The David Brooks difference! Plus, our schools were best in the world!

TUESDAY, MAY 8, 2012

Where do narratives come from: Finally, in this morning’s Times, we learn the difference between Paul Krugman and David Brooks when it comes to the nation’s economy.

The explanation comes from Brooks himself. Here it is:

Krugman is a “cyclicalist”—but Brooks is practicing “structuralism!” That said, these aren’t two equal schools of thought, as we learn from Brooks’ boxed sub-headline:

“True reform versus cyclical patchwork”

Brooks is seeking true reform. Krugman traffics in patchwork.

Read the column for full details. For ourselves, we were struck by Brooks’ list of the three major structural elements screwing up the economy. This is his second key element:
BROOKS (5/8/12): Then there are the structural issues surrounding the decline in human capital. The United States, once the world’s educational leader, is falling back in the pack. Unemployment is high, but companies still have trouble finding skilled workers.
Where do narratives come from? They come from repeated throw-away comments like the one we highlight.

Was the United States “once the world’s educational leader?” That claim may be true in some respect, though Brooks doesn’t explain what he means. But this claim gets tossed off very easily in our current political discourse. Not knowing what such claims are intended to mean, people may find themselves imagining all sorts of past glories.

Two thoughts came to mind when we read that claim this morning. We thought of some comments to Gail Collins’ recent know-nothing education column—comments in which her readers insisted that our schools were once just superb.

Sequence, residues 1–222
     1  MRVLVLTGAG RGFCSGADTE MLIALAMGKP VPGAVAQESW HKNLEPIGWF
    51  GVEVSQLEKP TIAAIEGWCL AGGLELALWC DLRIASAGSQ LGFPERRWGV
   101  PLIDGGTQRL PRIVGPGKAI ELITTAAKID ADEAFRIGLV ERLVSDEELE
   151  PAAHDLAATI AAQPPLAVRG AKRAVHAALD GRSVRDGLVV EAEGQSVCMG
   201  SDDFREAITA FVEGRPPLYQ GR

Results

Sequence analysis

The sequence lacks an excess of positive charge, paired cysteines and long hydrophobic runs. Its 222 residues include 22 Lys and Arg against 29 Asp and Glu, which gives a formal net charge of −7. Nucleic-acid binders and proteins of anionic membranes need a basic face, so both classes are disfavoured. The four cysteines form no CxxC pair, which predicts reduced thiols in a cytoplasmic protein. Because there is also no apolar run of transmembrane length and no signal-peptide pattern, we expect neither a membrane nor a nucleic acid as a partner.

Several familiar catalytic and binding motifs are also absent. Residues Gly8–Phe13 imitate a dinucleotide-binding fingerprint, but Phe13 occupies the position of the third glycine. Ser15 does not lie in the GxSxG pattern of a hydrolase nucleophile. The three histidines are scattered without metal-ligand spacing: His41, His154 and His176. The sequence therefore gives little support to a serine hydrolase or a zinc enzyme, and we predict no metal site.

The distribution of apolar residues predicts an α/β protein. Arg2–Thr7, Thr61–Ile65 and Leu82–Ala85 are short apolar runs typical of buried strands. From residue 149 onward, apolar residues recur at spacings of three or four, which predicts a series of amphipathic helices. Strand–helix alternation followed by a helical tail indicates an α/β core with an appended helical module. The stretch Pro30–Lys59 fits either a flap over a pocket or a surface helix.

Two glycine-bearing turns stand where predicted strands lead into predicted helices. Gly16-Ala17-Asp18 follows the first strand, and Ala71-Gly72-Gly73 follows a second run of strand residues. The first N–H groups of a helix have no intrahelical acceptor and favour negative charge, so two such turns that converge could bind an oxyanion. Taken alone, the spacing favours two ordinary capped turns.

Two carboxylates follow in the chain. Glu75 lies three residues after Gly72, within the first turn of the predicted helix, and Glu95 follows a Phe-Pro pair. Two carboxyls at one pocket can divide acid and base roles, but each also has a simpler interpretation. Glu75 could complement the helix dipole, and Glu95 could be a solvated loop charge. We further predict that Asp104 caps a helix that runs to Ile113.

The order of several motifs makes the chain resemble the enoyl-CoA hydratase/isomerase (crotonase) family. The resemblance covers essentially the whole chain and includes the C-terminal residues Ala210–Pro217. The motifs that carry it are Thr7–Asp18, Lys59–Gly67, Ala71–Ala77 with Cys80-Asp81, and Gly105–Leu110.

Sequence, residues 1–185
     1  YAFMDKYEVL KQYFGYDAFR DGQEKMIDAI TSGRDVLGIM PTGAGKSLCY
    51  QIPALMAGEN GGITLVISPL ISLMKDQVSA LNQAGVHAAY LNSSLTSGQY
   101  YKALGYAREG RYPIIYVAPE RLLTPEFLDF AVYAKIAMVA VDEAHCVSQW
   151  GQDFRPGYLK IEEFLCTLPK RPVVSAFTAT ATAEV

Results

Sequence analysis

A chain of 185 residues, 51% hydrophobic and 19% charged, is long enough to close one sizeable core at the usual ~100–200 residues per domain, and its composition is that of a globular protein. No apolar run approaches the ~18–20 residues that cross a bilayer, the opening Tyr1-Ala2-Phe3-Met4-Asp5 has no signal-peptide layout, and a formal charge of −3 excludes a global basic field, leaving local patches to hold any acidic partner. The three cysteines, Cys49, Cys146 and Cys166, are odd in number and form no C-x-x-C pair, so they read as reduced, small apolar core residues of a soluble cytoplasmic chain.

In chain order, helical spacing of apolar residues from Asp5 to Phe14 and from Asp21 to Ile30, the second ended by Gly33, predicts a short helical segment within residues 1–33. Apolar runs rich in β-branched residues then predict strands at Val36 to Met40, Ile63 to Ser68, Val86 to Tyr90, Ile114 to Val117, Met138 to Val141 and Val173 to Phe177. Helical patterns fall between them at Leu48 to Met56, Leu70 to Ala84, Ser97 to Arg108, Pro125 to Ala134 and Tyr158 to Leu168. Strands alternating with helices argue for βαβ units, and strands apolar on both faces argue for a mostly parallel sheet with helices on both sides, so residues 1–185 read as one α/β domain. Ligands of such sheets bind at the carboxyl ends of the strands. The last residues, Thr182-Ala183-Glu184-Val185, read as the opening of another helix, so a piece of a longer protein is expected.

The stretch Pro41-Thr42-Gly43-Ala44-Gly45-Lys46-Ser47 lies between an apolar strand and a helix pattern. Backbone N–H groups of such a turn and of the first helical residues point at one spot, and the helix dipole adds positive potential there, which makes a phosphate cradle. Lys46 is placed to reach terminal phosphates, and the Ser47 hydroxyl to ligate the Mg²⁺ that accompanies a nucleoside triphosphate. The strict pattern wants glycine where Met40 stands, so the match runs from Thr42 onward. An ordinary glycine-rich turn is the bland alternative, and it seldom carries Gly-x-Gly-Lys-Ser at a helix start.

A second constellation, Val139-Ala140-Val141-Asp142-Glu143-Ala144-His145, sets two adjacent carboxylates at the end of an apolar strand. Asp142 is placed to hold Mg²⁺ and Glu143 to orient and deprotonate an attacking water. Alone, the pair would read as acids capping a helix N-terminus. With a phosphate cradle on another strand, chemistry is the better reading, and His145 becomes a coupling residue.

We also thought of a news report by Rehema Ellis. NBC was staging its annual, highly propagandistic “Education Nation” week. Reporting on NBC Nightly News, Ellis had a dream:
ELLIS (9/26/10): Good evening, Lester. It was an exciting event. For two hours today the teachers who joined us were inspiring, some even emotional about the job that many say is stressful and extremely demanding.

Right now, the teacher's job is under critical review because of what is and what is not happening in the classroom. America's public school students are in trouble. On nearly every major ranking, the results are disappointing.

Forty years ago, American students were first. Now, among 30 developed nations, our students rank 24th in math, 17th in science and 10th in reading. Sixty-eight percent of American eighth graders cannot read at grade level. Nationwide nearly 70 percent of our students graduate from high school, but among African-American, Latino and low-income students, just over 50 percent graduate each year.
“Forty years ago, American students were first!” Like Brooks, Ellis didn’t explain what she meant. But as far as we know, American students never scored first in the world on any international assessments of reading and math.

Here at THE HOWLER, we helped you recall what some schools were like in the glory days Ellis recalled. Jonathan Kozol was teaching in Boston, a well-known city, during the era Ellis recalled. We quote from his book, Death at an Early Age, which won the National Book Award and helped attract us to Baltimore:
KOZOL (page 9): Many people in Boston are surprised, even to this day, to be told that children are beaten with thin bamboo whips within the cellars of our public schools and that they are whipped at times for no greater offence than for failing to show respect to the very same teachers who have been describing them as niggers.